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Raymond Challinor

A Friend in Need

(Summer 1964)

From International Socialism (1st series), No.17, Summer 1964, pp.29-30.
Thanks to Ted Crawford & the late Will Fancy.
Transcribed & marked up by Einde O’ Callaghan for the Encyclopaedia of Trotskyism On-Line (ETOL).

Patronage in British Government
Peter G. Richards
Allen & Unwin, 35s.

Patronage is one of the underworld regions of British politics. Often discussed perfunctorily, it is rarely written about: until his book appeared, there had been no serious study of the subject. Besides rectifying this omission. Mr Richards provides much useful information. For many years to come, his book is likely to be the standard work of reference.

In an interesting chapter on Honours, he discusses how they are used to fill party coffers. The practice started in 1891, and by 1911 the Liberal Party was netting £120,000 to £140,000 a year from this source, and, of course, this figure was doubtlessly exceeded in the heyday of Lloyd George and Maundy Gregory after the First World War. As for the present position, Mr. Richards makes an interesting speculation:

‘Conservative Honour Lists still contain baronetcies and knighthoods awarded “for political services” of an unspecified nature. No details are published about the sources of Conservative Party income ... The Party has a Central Board of Finance which is responsible to the chairman of the party organisation. According to McKenzie’s “reasonably informed speculation” this body is used to approach more wealthy supporters of the party for contributions of at least moderate size go direct to the central funds of the party. As the chairman of the Party organisation is well placed to recommend honours, suspicions may still remain.’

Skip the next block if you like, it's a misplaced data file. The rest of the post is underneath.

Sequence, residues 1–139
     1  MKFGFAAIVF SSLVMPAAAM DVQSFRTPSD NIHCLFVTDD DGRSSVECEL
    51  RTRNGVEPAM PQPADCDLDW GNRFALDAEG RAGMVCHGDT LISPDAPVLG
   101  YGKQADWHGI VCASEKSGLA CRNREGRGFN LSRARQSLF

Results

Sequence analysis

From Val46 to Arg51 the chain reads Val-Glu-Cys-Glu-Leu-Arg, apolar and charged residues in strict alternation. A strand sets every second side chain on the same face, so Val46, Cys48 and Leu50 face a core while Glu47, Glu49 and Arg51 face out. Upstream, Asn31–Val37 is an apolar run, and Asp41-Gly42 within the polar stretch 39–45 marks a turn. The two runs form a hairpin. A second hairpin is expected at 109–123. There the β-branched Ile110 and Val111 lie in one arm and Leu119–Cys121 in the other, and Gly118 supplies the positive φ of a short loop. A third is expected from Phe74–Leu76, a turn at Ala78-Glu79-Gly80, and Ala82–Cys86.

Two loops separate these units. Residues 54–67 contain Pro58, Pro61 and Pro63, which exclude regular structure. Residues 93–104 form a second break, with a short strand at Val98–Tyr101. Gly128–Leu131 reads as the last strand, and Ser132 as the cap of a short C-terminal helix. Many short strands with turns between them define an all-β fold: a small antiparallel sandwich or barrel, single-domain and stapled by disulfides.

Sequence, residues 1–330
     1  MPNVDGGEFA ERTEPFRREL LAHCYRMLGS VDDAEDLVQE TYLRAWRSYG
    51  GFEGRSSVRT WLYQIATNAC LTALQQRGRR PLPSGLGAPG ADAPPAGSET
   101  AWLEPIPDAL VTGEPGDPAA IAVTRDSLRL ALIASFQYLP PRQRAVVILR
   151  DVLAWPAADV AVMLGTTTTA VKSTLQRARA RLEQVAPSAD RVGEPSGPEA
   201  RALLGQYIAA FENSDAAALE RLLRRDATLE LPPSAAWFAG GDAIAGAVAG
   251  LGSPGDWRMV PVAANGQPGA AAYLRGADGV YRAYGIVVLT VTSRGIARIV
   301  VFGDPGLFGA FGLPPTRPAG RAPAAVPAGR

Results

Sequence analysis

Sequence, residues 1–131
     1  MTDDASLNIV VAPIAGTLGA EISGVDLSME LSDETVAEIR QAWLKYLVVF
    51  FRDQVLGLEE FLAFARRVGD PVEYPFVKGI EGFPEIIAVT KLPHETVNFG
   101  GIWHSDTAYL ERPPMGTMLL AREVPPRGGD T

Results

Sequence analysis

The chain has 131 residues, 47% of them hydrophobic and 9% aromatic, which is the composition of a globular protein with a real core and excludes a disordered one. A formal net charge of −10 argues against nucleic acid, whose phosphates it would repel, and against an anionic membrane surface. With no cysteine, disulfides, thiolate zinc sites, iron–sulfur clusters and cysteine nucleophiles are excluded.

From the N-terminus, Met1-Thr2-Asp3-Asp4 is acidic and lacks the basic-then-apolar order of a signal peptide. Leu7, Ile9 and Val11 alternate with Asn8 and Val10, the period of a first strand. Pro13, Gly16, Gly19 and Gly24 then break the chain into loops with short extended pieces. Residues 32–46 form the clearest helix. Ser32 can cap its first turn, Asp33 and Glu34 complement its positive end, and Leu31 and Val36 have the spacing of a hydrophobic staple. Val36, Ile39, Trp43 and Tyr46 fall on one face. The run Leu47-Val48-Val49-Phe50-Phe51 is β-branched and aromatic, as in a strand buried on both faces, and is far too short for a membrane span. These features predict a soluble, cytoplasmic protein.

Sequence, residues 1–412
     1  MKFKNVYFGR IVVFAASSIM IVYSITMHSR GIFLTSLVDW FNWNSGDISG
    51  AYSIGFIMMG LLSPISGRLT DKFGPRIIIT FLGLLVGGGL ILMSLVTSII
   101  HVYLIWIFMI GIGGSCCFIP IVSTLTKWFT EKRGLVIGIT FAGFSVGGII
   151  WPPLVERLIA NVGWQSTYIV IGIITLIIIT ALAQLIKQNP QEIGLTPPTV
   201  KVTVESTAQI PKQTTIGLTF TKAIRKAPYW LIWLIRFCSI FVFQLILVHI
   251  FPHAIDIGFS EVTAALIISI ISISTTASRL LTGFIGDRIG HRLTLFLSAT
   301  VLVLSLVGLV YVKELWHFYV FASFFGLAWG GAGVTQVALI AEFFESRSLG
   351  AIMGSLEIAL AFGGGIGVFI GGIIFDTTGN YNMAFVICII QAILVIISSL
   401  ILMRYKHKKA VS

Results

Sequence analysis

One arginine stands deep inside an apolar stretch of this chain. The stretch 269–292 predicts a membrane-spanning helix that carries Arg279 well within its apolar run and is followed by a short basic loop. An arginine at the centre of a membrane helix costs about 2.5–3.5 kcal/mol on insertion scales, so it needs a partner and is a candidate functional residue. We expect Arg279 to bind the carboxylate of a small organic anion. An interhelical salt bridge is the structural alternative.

The basic criticism to be levelled at this book arises from the author’s basically uncritical approach. He sees that patronage is used to bolster the powers-that-be, he supports the present patronage system. Mr. Richards never considers the cast against hereditary rights and privileges. Yet, a growing section of political opinion is against retaining these trappings of Feudalism. I take it. for instance, that all readers of this journal would like to dump The Establishment and their Lordships in the Thames.

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